One of Martin Luther’s most famous quotes is worthy of mention here. It is the most controversial thing he ever wrote and has been both attacked and misunderstood. When I first heard this quote as a new Christian I was shocked, even rocked. And, if you have never heard it, you will be also. But let us learn what he was really saying.

The controversial quote is this: “Sin boldly, but let your trust in Christ be stronger.”[3]


When Luther wrote, “sin boldly,” he did not mean that we should enter into temptation with a bold attitude of sinning anyway. We know this from his many other writings wherein he encouraged his readers to resist sin in every form. Rather, he meant that, once we have fallen into a sin, we ought not to cower in defeat but we fully trust in Christ’s forgiveness and press on. If you read the full context this becomes clear.


So, step one is not to be discouraged.


[2] We must confess our sin. To confess is to agree with God against ourselves. We do not need to do penance (some act of contrition that earns our forgiveness, as taught by the Roman Catholic Church), but we do need to simply confess. I believe that every true believer knows this already, but we must not neglect this.


[3] Once we confess, his promise is that he fully forgives us (I John 1:9). We trust in the promise that God gave (of being forgiven). We take God at his word and God cannot lie.


[4] Recognize that some of the greatest people of God in the Bible were derailed by sin for a time. Think of David. Are you better than David? Think of Jonah. Think of Samson. And Peter of whom we speak. If you have fallen, you are in good company!


[5] Pray the Psalms. Do you know what the best prayers are? The best prayers are the words of God Himself being prayed back to him. You can pray any verse of the Bible back to God. But the Psalms are particularly good since these are King David’s prayers to God to begin with (along with a few other Psalmists).


In this regard, the “Psalms of lament” are particularly good to pray. These are the prayers of David when he was confronted with his own sin. They are:


Psalm 6

Psalm 32

Psalm 38

Psalm 51

Psalm 102

Psalm 143

You can personalize them:

Bless the Lord, O my soul,

and all that is within me,

bless his holy name!

2     Bless the Lord, O my soul,

and forget not all his benefits,

3     who forgives all your iniquity,

who heals all your diseases,

4     who redeems your life from the pit,

who crowns you with steadfast love and mercy,

5     who satisfies you with good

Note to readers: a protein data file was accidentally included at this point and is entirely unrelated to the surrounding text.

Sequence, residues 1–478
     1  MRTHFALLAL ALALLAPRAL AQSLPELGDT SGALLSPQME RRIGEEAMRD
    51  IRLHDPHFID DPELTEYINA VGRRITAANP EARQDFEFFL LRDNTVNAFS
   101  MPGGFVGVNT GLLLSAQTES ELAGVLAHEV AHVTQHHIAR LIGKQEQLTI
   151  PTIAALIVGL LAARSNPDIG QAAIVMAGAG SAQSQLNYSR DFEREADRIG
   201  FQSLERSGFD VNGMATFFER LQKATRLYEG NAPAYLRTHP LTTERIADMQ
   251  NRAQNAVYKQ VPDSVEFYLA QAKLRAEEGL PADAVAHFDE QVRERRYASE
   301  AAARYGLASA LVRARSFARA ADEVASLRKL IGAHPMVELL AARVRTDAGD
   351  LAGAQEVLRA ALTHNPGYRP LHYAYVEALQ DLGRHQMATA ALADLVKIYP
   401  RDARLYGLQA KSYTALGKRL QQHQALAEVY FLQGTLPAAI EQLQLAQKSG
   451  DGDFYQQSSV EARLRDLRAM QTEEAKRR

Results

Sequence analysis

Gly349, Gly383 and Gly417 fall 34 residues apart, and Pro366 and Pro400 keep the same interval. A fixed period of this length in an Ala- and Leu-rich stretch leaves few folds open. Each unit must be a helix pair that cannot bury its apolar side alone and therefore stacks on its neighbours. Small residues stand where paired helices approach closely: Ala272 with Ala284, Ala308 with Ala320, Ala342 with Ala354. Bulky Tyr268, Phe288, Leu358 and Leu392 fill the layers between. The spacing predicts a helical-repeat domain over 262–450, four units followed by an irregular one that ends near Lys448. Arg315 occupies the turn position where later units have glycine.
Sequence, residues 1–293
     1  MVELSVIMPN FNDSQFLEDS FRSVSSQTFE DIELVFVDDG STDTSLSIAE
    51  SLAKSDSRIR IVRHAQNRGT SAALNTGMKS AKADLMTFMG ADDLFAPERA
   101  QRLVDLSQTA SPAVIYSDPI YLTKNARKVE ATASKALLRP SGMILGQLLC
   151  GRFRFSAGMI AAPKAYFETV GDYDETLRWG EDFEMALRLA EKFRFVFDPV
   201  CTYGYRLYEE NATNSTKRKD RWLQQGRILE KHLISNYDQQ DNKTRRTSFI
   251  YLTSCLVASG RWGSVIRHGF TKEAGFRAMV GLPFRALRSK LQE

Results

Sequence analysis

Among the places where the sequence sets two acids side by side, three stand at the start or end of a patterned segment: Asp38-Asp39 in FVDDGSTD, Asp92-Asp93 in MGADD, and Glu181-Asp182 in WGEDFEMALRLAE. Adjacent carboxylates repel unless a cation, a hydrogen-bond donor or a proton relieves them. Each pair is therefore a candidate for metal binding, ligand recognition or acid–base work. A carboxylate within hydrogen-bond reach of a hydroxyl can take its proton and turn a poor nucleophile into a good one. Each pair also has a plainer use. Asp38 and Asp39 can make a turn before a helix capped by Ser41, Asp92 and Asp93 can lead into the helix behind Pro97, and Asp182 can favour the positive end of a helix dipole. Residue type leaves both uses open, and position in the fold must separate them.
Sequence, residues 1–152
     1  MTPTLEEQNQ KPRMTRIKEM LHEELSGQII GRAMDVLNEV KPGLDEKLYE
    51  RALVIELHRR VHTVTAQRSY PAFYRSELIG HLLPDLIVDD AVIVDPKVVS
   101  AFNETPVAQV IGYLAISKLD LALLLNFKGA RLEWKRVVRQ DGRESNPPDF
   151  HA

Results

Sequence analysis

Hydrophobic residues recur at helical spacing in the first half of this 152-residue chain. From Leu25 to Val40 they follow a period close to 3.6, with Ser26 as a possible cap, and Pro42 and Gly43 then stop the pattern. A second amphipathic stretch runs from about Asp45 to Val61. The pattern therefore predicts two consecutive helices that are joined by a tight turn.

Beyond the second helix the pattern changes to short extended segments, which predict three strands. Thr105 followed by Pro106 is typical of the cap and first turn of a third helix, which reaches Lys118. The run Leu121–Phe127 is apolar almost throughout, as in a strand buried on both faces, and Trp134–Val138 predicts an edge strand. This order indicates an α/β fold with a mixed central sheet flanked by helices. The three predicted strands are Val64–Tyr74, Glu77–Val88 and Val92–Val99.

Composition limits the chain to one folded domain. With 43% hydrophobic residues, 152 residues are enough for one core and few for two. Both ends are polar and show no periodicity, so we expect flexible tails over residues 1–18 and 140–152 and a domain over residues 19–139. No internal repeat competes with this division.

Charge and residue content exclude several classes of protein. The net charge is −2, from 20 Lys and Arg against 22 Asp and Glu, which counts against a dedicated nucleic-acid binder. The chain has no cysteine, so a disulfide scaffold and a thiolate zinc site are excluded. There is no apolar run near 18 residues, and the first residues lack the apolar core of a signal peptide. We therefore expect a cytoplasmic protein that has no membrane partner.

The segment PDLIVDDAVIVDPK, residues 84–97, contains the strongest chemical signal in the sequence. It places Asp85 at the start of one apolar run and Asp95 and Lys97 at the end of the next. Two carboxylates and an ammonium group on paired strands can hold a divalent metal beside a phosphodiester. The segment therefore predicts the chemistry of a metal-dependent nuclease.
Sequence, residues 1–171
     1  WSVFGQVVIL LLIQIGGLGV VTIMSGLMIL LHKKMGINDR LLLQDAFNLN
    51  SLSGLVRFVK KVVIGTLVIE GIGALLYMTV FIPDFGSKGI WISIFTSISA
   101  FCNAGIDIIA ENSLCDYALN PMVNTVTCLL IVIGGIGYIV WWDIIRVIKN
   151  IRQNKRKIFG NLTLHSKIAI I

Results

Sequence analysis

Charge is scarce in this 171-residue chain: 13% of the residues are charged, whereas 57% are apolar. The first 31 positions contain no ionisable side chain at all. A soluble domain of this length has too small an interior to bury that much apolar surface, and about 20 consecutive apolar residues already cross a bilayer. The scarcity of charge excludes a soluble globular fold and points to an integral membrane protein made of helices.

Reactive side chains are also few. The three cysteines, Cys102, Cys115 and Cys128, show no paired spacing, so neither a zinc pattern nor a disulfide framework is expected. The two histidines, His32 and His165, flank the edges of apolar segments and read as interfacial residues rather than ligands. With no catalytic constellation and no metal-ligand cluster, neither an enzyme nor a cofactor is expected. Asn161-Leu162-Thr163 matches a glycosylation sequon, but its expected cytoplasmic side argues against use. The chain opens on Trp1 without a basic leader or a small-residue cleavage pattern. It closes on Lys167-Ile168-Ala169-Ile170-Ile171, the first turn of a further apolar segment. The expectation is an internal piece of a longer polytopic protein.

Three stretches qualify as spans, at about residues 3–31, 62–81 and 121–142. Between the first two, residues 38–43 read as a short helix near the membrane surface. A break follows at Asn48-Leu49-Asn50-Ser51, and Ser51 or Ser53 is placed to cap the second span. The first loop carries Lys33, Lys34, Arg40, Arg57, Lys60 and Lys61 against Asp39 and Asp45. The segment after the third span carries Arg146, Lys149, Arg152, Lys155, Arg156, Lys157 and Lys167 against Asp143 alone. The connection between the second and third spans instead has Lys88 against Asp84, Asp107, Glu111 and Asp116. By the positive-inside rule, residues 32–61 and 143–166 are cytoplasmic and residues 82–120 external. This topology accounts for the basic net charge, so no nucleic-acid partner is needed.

so that your youth is renewed like the eagle’s. [4]


(See also 103:8-13; 130:1-4.)


[6] Pray the Jesus Prayer. Those who were in my Sunday School class on Matthew two years ago recall that I advocated this prayer more than once.


The Jesus Prayer has been practiced by the Eastern Orthodox church for a millennia! It has only recently been discovered by evangelicals, but it is thoroughly biblical. It is this:


“Lord Jesus Christ, Son of God, have mercy on me, a sinner.”


(See I Cor 12:3 and Luke 18:14 showing the biblical foundations for the prayer.)


It is universally recommended that this short prayer be said out loud (not silently) at least ten times in succession. This simple prayer has changed lives! Try it!


[7] Finally, it would be counter-productive to conduct these practices, feel better, but then go back to your sin! Our goal and God’s goal is our sanctification. Therefore, you must remove yourself from temptation in the future. Don’t expose yourself to temptation! In other words, truly repent.


I am convinced that these seven practices will grant you victory in your walk with the Lord and help you greatly in overcoming discouragement.


Remember Peter. Not just his failure, but his victory! You are him!





[1] The Holy Bible: English Standard Version. (2016). (Ps 51:1–3). Wheaton, IL: Crossway Bibles.

[2] There is no verse that tells us that Peter repented, but this is obviously what he did since repentance is the pathway to restoration as is testified by many dozens of pasages throughout Scripture. And we see in Acts chapters one and two that Peter is not only in good standing but even takes the lead.


[4] The Holy Bible: English Standard Version. (2016). (Ps 103:1–5). Wheaton, IL: Crossway Bibles.